Is the Kerala Election Commission shifting its blame on others to evade allegations of bias?

On one side, the EC is claiming that the opposition’s plea came at the 11th hour, but the opposition reached the court only after the EC failed to take notice despite repeated communications
Is the Kerala Election Commission shifting its blame on others to evade allegations of bias?

Welcoming the Kerala High Court interim order asking Election Commission to ensure double votes are not the case, Opposition Leader Ramesh Chennithala said that the double votes had been CPM’s planned strategy to polls fake votes. Earlier today, in an interim order filed on Ramesh’s plea, the HC asked the Election Commission to make sure that no double votes are cast, as well as an explanation on why the matter couldn’t be handled. Chief Electoral Officer Tikaram Meena said that all measures would be taken to enforce the decision.

Ramesh Chennithala told the Court that they had used their software to unearth the duplicate and double votes within the lists. He had asked why the Election Commission was unable to do so despite half the work already completed. Moreover, the EC also confirmed the Opposition Leaders claims that there were over four lakh double votes across the state. The petitioner alleged that the Commission did not take action despite pointing out the matter. However, the EC affidavit said that Ramesh Chennithala’s plea came at the 11th hour and that he didn’t use the opportunity to correct and point out the mistakes in the list.

While the commission claims that all measures would be taken to avoid the issue, they also add that the list cannot be changed until after the assembly elections. Interestingly, the EC seems to be shifting the blame and evading the situation. On one side, they are claiming that the opposition’s plea came at the 11th hour, but the opposition reached the court only after the EC failed to take notice despite repeated communications. Moreover, despite rooting out voter fraud being one of EC’s primary duties, they not only failed in the task but had to receive information and support from the Opposition Leader and his team.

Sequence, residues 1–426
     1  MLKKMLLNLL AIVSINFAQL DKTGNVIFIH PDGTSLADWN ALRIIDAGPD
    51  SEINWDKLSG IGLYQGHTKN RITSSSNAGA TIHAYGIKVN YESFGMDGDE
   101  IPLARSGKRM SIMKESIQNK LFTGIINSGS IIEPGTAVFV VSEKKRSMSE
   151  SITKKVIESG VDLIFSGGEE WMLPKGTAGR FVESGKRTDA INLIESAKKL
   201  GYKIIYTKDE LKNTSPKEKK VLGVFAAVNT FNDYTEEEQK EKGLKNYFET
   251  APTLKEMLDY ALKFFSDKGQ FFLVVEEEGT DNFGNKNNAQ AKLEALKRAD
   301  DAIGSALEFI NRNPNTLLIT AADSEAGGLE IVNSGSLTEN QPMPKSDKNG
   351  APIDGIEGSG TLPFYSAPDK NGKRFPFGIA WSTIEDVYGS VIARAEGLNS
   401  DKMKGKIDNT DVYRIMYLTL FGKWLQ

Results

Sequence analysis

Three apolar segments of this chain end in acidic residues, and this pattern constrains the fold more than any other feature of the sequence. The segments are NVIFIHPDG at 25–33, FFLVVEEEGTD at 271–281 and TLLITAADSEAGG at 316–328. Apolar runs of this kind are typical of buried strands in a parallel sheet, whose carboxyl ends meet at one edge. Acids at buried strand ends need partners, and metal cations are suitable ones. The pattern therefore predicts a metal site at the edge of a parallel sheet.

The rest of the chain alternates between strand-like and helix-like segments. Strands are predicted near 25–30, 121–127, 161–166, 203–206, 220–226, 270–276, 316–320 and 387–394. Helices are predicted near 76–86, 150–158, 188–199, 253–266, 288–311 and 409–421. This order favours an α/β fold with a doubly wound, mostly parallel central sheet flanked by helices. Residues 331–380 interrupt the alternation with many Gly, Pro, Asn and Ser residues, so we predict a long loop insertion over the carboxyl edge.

Ramesh Chennithala also said that the left front won the local body elections through fraudulent votes. “We moved with the legal action based on this evidence of lakhs of double votes, which took us more than seven months to discover. The Court has considered the matter to be grave, and we welcome the Court’s order,” he said, adding that there are fraudulent practises prevailing in postal ballots as well. He said that names of dead people and unregistered people are also available on the ballot, adding that the police association was interfering in this illegally.

On the other side, the Election Commission has presented a very interesting argument. While they told the Court that they would ensure no double votes are cast, they also added that since the election notification was issued, the Courts have no say in the matter. On the other hand, they did not raise the same argument when the Kerala High Court stayed the EC decision to delay the release of the special rice kits to non-priority ration cardholders ahead of the Assembly elections.

In that matter, the opposition parties had claimed that the state government deliberately delayed the kits for eight months to deliver it now, ahead of the elections, “to convert people’s poverty into vote share”. The Court noted that the decision to distribute the special rice was taken on February 4 before the election notification and stressed that the auctions for the rice from the Food Corporation of India have already been carried out for Rs 83.34 Crore.

In the interim order, the HC said that it is not easy for the state government to approach the Election Commission with a fresh proposal seeking sanction, as the payments have to be made before March 31, 2021. However, the Court noted that the distribution of rice should strictly adhere to the Model Code of Conduct. Meanwhile, the EC is yet to claim that the Court has no say in it since the notification has been issued, but political experts raise suspicion over the lack of such an argument.

Following the voter issues, the Central Election Commission sought an explanation from the state election officer on the issue of fraudulent voting in Kerala. The commission said the report should be submitted by March 31, the report would be examined and further action would be taken.

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